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Sunday, January 15, 2012

Sacred Symbols Endearing Icons of Hindu Art & Culture


Sacred Symbols Endearing Icons of Hindu Art & Culture

Endearing images embodying intuitions of the spirit that adorn Hindu art, architecture and iconography symbols adorn our world and mind at every turn -- in our spiritual, social and political experience. A ring or gold pendant serves to silently attest to and strengthen wedded love. On a mountainous road in any country, a sign with a truck silhouette on a steeply angled line warns drivers of dropping grades ahead. The red cross signals aid and comfort in crises. Golden arches tell the vegan to beware. Among the best known symbols in the world are the simple numerals: 0, 1, 2, 3, 4, 5, 6, 7, 8 and 9. They originated in ancient India as characters of the Brahmi script. Now and then, historic images or happenings are supercharged into symbols. The awesome mushroom cloud of the terrifying specter of nuclear destruction.

It is humanity's sacred symbols, its icons of Divinity and Reality, that wield the greatest power to inform and transform consciousness. Taoists gazing upon a yin-yang symbol, Navajo Indians delicately pouring a feather symbol in a sand painting,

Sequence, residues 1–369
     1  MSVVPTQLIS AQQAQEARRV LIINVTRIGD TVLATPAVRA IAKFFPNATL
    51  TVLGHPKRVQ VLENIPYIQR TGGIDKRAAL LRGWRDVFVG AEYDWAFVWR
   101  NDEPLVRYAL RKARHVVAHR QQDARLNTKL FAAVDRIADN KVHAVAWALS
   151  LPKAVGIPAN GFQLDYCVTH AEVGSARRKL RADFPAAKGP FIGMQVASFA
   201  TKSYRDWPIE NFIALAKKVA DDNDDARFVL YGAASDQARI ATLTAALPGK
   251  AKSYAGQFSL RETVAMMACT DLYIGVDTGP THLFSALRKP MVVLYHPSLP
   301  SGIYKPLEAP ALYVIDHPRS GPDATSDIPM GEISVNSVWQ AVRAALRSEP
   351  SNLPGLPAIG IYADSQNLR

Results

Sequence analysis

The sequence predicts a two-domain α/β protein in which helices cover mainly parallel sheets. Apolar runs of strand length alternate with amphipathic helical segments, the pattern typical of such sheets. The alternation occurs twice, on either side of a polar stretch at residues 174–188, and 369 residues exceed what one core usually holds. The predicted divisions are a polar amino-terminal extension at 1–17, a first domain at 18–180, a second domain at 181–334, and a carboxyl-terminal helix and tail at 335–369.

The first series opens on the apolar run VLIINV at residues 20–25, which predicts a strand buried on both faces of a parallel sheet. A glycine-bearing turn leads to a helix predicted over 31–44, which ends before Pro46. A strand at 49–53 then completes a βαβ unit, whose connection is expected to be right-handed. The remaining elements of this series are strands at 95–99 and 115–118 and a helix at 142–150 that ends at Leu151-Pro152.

Pranava Aum
Pranava, Aum, is the root mantra and primal sound from which all creation issues forth. It is associated with Lord Ganesha. Its three syllables stand at the beginning and end of every sacred verse, every human act.

Ganesha
Ganesha is the Lord of Obstacles and Ruler of Dharma. Seated upon His throne, He guides our karmas through creating and removing obstacles from our path. We seek His permission and blessings in every undertaking. 

Vata
Vata, the banyan tree, Ficus indicus, symbolizes Hinduism, which branches out in all directions, draws from many roots, spreads shade far and wide, yet stems from one great trunk. Siva as Silent Sage sits beneath it.

Tripundra
Tripundra is a Saivite's great mark, three stripes of white vibhuti on the brow. This holy ash signifies purity and the burning away of anava, karma and maya. The bindu, or dot, at the third eye quickens spiritual insight.

Nataraja
Nataraja is Siva as "King of Dance." Carved in stone or cast in bronze, His ananda tandava, the fierce ballet of bliss, dances the cosmos into and out of existence within the fiery arch of flames denoting consciousness. 

Mayil
Mayil, "peacock," is Lord Murugan's mount, swift and beautiful like Karttikeya Himself. The proud display of the dancing peacock symbolizes religion in full, unfolded glory. His shrill cry warns of approaching harm. 

Nandi
Nandi is Lord Siva's mount, or vahana. This huge white bull with a black tail, whose name means "joyful," disciplined animality kneeling at Siva's feet, is the ideal devotee, the pure joy and strength of Saiva Dharma. 

Bilva
Bilva is the bael tree. Its fruit, flowers and leaves are all sacred to Siva, liberation's summit. Planting Aegle marmelos trees around home or temple is sanctifying, as is worshiping a Linga with bilva leaves and water. 

Padma